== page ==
For most people, the first signs of exposure include mild headache and breathlessness with moderate exercise. Continued exposure can lead to more severe headaches, dizziness, fatigue and nausea. Eventually symptoms may progress to confusion, irritability, impaired judgment and coordination, and loss of consciousness.

You can tell the difference between CO poisoning and the flu with these clues:

• You feel better when you are away from home;

• Everyone in the home is sick at the same time;

• The family members most affected spend the most time in the house;

• Indoor pets appear ill;

• You don’t have a fever or body aches, and you don’t have swollen lymph nodes that are common with the flu and some other infections; and,

• Symptoms appear or seem to get worse when using fuel-burning equipment.

Some people at greater risk of CO poisoning. Individuals with respiratory conditions, such as asthma or emphysema, cardiovascular disease, anemia or sickle cell anemia, and also the elderly and young children, are at a greater risk for CO poisoning than adults. Remember, ANYONE can become sick and die from CO poisoning when exposed to very high levels.

At a glance

Following are effects, Inhalation Time and Toxic Symptoms Developed at ppm:

• 1-2 ppm — Might be normal, from cooking stoves, spillage, outdoor traffic.

• > 2 ppm — Raises questions about why CO is elevated. Source should be identified.

• 15 ppm — UL standards for residential detectors require that they NOT alarm at 15 ppm unless exposure is continuous for 30 days.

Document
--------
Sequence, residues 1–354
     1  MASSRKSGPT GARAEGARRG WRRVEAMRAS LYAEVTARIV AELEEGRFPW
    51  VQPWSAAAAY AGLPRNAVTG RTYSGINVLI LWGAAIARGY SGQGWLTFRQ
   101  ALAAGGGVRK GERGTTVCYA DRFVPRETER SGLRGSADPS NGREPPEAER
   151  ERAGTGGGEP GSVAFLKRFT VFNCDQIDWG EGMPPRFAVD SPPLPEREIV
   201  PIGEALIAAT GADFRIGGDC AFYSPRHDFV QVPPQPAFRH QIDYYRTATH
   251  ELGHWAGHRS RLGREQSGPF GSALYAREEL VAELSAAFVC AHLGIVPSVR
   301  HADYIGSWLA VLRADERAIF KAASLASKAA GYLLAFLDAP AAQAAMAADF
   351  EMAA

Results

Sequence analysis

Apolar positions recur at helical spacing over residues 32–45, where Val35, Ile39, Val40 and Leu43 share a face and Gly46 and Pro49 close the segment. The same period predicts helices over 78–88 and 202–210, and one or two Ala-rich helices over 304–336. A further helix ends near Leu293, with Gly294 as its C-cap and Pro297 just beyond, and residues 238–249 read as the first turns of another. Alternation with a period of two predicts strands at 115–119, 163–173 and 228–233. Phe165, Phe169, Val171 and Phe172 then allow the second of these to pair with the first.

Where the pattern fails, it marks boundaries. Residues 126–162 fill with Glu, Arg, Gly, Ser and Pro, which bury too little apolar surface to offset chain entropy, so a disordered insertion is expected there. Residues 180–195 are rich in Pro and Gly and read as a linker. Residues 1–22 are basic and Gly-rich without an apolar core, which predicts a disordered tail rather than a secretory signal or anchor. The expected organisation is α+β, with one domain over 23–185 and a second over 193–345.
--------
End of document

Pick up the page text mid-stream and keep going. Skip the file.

• 20 ppm — Typical concentration in flue gases (chimney) of a properly operating furnace or water heater.

• 27 ppm — Cardiorespiratory complaints.

• 50 ppm — Maximum allowable eight-hours workplace exposure.

• 75 ppm — Significant decrease in oxygen reserve.

• 80 ppm — Many residential detectors might alarm after several hours exposure.

• 100 ppm — UL listed detectors must sound a full alarm within 90 minutes or less. Slight headache, tiredness, dizziness, nausea after several hours exposure.

• 200 ppm — Slight headache, tiredness, dizziness, nausea after two to three hours, might be life-threatening in long exposures.

• 400 ppm — UL listed detectors must sound a full alarm within 15 minutes. Frontal headaches within one to two hours, life-threatening after three hours.

• 500 ppm — Often produced in garage when a cold car is started in an open garage and warmed-up for two minutes.

• 800 ppm — Dizziness, nausea and convulsions within 45 minutes. Unconsciousness within two hours. Death within two to three hours.

• 1,600 ppm — Headache, dizziness and nausea within 20 minutes. Death within one hour. Smoldering wood fires, malfunctioning furnaces, water heaters, and kitchen ranges typically produce concentrations exceeding 1,600 ppm.

• 6,400 ppm — Headache, dizziness and nausea within one to two minutes. Thinking impaired before response possible. Death within 10 to 15 minutes.

• 12,800 ppm — Death within one to three minutes.

How long do CO alarms last?

The typical lifespan of a CO alarm is between five and seven years, but it varies by manufacturer. Consult the product packaging or manufacturer for a recommended replacement date.

What do I do when my CO alarm sounds?

Don’t ignore a CO alarm if it is sounding. If people in the home are exhibiting symptoms of CO poisoning, immediately leave the building and call your local fire department. In cases where residents are feeling fine, call your local gas utility company or a qualified technician to help identify the cause of the problem.